As awareness of head injury risks throughout sports increases, the leading football organizations in England have taken an unprecedented step to reduce this risk in their sport. A newly enacted policy will limit how many high-force headers professional footballers will take.
All Top English Football Organizations Represented
The new policy doesn’t represent action by any one league but is rather a group effort of all major football organizations in England. The English Football League, Football Association (FA), Premier League, Professional Footballers’ Association (PFA) and League Managers Association (LMA) have all agreed to immediately enact this policy for the 2021-2022 football season.
Such a show of unity on this topic demonstrates how seriously organizations at the highest levels of English football are taking the issue of headers. Although small and youth organizations might not be officially represented among these major organizations, many others will undoubtedly follow suit.
No More Than 10 High-Force Headers Per Week for Professionals
The official policy is to allow professional football players no more than 10 high-force headers during training in a given week. This represents a significant decrease from what’s the norm in some cases, where several headers may be taken in a single corner kick or free kick practice session.
For the purposes of this policy, high-force headers are defined as headers off of corner kicks, free kicks, crosses and passes over 35 metres. Shorter passes and throw-ins are considered low-force headers.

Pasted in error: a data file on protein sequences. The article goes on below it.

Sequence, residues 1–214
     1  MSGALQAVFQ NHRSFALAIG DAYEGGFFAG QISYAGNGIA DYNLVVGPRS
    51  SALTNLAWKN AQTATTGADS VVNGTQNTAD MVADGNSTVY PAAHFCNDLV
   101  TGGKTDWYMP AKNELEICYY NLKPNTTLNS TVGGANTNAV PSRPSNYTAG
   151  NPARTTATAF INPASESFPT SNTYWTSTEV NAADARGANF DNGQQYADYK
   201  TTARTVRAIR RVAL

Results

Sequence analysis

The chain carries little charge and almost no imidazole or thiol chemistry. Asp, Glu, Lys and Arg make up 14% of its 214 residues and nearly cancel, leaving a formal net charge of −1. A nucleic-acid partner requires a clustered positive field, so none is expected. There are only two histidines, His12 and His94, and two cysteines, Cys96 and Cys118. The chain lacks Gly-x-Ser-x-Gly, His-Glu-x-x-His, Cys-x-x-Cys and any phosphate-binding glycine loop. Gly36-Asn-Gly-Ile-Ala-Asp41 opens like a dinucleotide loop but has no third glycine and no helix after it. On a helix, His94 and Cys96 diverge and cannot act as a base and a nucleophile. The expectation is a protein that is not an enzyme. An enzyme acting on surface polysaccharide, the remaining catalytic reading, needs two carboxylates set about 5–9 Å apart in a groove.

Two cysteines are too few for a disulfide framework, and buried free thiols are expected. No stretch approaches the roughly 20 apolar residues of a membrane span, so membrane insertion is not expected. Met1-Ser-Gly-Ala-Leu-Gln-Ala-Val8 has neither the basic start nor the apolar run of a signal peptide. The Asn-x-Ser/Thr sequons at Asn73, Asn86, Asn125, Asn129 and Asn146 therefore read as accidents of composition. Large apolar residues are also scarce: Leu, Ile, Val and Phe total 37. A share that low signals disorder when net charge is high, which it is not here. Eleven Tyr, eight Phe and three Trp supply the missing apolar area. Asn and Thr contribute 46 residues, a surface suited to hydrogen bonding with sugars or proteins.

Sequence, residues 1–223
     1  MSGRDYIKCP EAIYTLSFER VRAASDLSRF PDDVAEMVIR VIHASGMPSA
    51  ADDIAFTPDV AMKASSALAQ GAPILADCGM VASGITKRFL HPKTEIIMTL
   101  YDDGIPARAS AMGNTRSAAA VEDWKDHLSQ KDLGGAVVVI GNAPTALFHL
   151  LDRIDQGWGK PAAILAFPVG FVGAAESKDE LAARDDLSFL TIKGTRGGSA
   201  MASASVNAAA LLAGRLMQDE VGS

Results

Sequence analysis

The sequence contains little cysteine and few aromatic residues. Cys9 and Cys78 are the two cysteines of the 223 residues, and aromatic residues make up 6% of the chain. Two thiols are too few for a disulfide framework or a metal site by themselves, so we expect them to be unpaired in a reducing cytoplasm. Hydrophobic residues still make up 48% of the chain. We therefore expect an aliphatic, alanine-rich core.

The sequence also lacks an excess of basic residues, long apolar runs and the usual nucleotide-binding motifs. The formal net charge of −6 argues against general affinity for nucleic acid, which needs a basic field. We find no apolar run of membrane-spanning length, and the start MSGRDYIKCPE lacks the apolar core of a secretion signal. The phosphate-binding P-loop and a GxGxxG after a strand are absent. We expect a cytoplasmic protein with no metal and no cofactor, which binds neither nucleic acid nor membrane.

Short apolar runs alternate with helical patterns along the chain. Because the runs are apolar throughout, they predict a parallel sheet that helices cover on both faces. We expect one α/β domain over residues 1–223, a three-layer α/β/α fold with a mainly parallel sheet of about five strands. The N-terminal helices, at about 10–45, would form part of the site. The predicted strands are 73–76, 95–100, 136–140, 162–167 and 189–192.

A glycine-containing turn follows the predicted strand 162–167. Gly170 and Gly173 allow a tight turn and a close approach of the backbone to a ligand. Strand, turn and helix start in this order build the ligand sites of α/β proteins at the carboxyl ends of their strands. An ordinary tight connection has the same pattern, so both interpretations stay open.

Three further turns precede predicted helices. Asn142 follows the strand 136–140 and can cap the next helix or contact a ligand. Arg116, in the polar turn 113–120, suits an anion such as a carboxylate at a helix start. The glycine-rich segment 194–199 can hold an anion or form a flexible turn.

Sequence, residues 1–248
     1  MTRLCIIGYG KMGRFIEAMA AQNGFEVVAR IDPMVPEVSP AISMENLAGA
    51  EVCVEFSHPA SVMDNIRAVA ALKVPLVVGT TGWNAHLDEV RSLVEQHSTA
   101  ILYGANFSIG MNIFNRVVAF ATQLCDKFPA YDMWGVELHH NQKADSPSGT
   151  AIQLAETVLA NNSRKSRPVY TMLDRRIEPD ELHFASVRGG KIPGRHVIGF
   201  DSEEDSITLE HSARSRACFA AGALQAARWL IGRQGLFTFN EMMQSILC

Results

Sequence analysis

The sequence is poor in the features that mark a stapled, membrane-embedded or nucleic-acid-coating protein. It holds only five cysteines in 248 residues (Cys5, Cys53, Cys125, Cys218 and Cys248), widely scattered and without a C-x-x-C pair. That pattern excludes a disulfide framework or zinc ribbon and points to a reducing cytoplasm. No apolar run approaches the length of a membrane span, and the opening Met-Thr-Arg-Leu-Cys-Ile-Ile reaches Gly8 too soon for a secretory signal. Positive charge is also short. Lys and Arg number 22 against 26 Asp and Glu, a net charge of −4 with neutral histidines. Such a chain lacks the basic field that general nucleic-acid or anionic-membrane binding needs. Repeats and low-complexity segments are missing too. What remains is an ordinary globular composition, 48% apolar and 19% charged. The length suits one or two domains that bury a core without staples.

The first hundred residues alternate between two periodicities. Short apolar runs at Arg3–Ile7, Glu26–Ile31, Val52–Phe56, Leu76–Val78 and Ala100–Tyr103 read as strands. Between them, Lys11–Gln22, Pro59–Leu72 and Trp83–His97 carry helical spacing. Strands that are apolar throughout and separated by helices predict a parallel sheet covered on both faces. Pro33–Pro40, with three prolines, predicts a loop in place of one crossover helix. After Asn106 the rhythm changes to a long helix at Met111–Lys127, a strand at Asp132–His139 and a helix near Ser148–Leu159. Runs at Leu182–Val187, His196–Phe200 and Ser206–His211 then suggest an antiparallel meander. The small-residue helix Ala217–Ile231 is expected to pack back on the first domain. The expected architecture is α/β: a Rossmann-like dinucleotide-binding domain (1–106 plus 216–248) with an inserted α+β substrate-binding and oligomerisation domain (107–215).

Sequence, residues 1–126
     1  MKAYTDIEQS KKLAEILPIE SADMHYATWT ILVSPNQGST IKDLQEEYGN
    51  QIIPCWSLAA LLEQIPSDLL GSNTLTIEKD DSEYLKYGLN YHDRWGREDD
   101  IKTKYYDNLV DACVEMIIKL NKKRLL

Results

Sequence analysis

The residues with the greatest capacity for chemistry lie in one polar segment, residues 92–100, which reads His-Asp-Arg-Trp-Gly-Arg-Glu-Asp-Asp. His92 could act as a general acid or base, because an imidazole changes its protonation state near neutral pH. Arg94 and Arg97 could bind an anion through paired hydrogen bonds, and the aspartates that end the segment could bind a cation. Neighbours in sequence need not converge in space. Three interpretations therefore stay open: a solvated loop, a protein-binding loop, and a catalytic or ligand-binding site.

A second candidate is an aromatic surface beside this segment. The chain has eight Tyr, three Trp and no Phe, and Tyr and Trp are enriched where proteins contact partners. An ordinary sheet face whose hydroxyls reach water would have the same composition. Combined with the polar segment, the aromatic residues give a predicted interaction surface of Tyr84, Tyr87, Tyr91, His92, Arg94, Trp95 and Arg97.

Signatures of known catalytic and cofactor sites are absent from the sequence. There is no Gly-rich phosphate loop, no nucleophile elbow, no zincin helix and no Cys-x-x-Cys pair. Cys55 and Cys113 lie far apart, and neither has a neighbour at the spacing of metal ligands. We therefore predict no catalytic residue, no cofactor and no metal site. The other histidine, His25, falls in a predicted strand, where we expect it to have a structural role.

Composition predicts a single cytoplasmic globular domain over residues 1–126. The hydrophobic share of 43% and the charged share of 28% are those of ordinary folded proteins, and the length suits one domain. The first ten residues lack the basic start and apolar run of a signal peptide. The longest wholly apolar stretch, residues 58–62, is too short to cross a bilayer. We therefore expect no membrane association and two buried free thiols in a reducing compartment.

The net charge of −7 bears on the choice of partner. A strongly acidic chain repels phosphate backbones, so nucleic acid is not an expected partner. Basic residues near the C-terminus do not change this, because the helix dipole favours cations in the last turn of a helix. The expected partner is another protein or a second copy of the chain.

The policy doesn’t limit headers during games, ensuring that plates can continue to compete as they currently do.
No More Than 10 Headers Per Week for Amateurs
The restriction for amateurs is slightly stricter, allowing no more than 10 headers per week regardless of whether they’re high- or low-force.
The reason to more strictly limit amateurs is partly because football isn’t their career. They’re also less likely to have the neck strength that professional players do, as explained below.
Multiple Studies on Concussions in Football
The new policy is the result of multiple studies on the risk of concussions in football. The research included a series of studies that were commissioned by the Premier League, which has been particularly involved in the protective approach to this issue. The studies looked at past matches, looking at variables ranging from mouthguard technology to neck strength. The University of Central Lancashire also conducted an independent review.
The major distinction between high- and low-force headers is a direct result of this research. The studies found a demonstrable difference with regard to impact. The force of impact is higher when headers are taken at distance and when players are running (e.g. cutting on corners, free kicks and crosses). The force of impact is demonstrably lower when players are standing, passes are shorter or the ball is being tossed (e.g. on throw-ins).
The studies also found that neck strength may play a role in reducing impact. The evidence for this is just beginning to emerge, but there is some suggestion that stronger neck muscles may reduce the force of impact.
A Major Step for Football in England and Globally
The new policy shows how seriously Englands’ professional associations are taking the risk of concussions in football. This is an unprecedented step to mitigate the risk, and it establishes these organizations as not only leaders in England but throughout the world. No other country has taken such a step to address headers.